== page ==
Friday, October 22, 2010
I haven’t posted here in nearly 7 years, so it seems fitting to come back to The 7 Habitus. I stopped writing here because I felt I was unable to write many things without being more caustic, one way to put it, than necessary. Perhaps, now, I feel I’ve calmed down a little, or perhaps watching events of the last couple of weeks, I see more than ever, the need for some rational discourse.
I’m referring, of course, to the Bill O’Reilly appearance on The View, last week, and the somewhat related event of NPR firing Juan Williams for commenting on feeling nervous when he saw Muslims in full Muslim garb in an airport.
I have to admit, I thought The View episode last week was a rather trivial event, not deserving of the attention it was getting. First of all, it was a given that the majority of females on the show would not like Bill O’Reilly, or come close to agreeing with him. It was only mildly surprising that, at some point, one or more of those women would walk out on him. Liberals don’t like being disagreed with, period. Besides, who really cares what Whoopi Goldberg or Joyce Behar think about any topic? They’re entertainers, obviously not thinkers. I really can’t understand why, when someone appears in one or more movies, they are suddenly experts in a wide range of subjects, many of which they haven’t the foggiest notion about.
But then came the firing of Juan Williams, who was fired for commenting on what O’Reilly said on The View.
Many commentators have looked at the Williams episode as a matter of the right to free speech, and to some extent it is. Still, in the end, NPR has a right to fire anyone they please, for whatever reason, as long as they are acting in accord with the terms of any existing contracts between employee and employer. Juan Williams pissed them off, so they fired him.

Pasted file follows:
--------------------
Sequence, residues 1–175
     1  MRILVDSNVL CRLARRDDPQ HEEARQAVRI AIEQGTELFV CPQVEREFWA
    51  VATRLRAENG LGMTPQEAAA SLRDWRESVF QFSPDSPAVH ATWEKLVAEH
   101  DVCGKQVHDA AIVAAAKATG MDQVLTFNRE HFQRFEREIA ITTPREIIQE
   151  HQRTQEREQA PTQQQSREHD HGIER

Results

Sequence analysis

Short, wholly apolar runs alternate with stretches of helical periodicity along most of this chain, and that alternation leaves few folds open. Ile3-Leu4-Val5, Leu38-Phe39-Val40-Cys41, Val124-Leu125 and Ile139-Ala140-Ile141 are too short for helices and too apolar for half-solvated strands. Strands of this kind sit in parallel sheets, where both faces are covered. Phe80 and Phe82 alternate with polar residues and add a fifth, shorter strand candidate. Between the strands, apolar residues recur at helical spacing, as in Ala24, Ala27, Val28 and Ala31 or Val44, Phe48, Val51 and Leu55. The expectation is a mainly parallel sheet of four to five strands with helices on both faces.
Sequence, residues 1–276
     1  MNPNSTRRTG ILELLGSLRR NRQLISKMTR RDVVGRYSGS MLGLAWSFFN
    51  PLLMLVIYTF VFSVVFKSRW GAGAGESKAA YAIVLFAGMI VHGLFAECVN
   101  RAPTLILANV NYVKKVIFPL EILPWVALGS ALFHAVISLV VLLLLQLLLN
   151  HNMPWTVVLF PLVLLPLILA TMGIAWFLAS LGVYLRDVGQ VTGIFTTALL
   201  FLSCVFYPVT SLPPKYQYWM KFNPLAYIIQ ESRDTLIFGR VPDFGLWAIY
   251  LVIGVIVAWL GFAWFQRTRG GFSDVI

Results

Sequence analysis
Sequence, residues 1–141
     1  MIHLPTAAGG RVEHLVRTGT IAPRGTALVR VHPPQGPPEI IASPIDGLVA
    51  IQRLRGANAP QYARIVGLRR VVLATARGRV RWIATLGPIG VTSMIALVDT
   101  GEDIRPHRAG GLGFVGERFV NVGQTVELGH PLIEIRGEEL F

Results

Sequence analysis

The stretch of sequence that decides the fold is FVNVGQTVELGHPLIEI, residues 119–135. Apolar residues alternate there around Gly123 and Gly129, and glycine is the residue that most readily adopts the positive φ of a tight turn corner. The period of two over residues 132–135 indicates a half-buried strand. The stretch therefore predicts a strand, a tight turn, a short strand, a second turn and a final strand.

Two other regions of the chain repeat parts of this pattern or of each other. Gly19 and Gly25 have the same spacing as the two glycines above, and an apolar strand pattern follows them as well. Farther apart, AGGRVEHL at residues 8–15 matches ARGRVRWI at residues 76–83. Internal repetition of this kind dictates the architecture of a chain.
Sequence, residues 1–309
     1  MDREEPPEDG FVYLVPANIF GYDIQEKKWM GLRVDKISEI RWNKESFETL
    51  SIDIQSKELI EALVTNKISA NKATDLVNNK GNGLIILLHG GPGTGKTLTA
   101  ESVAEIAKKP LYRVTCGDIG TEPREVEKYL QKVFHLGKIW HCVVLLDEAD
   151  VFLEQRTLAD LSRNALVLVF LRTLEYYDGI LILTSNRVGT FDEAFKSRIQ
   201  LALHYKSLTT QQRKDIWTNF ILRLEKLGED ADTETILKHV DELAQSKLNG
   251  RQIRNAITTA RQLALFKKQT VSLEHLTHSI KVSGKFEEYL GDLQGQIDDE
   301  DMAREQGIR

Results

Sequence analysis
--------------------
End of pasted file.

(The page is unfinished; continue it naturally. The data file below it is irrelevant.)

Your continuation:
Yet, taken together, both episodes offer the American public of a severe problem in our country. The problem is the inability to tolerate ideas contrary to one’s own. I’ll have to say, the problem appears to be much more severe among those who take the “liberal” point of view. Whoopi Goldberg and Joyce Behar disagreed with Bill O’Reilly. Rather than calmly discussing the question he raised, whether or not Muslims attacked the U.S. on 9/11 or not, they got mad and stormed out. They simply could either not come up with valid reasons why they opposed his thinking and that left no recourse but to curse him and walk out. It was a very childish, immature display.
In William’s case, NPR, a network that supports so called “tolerance” and “diversity”, couldn’t handle someone who doesn’t agree with them 100% down the line. It may have been that, a factor in that intolerance was that Fox News reaches, by far, a much bigger audience than NPR ever will, but for whatever reason, they couldn’t tolerate dissent, even from one of their own. Even when he wasn’t really dissenting.
Don’t misunderstand, I’ve seen this intolerance from some on the right, but the tendency is much more pronounced on the left.
The thing that concerns me is that we are facing very important issues, the outcome of which will affect us and our descendants for many generations. We face mounting financial difficulties, growing threats from, frankly, Muslims, overseas, and we seem unable to find the wherewithal to sit down and discuss these matters intelligently. Instead, we have to resort to anger and revenge. It’s not a prospect that offers a lot of hope.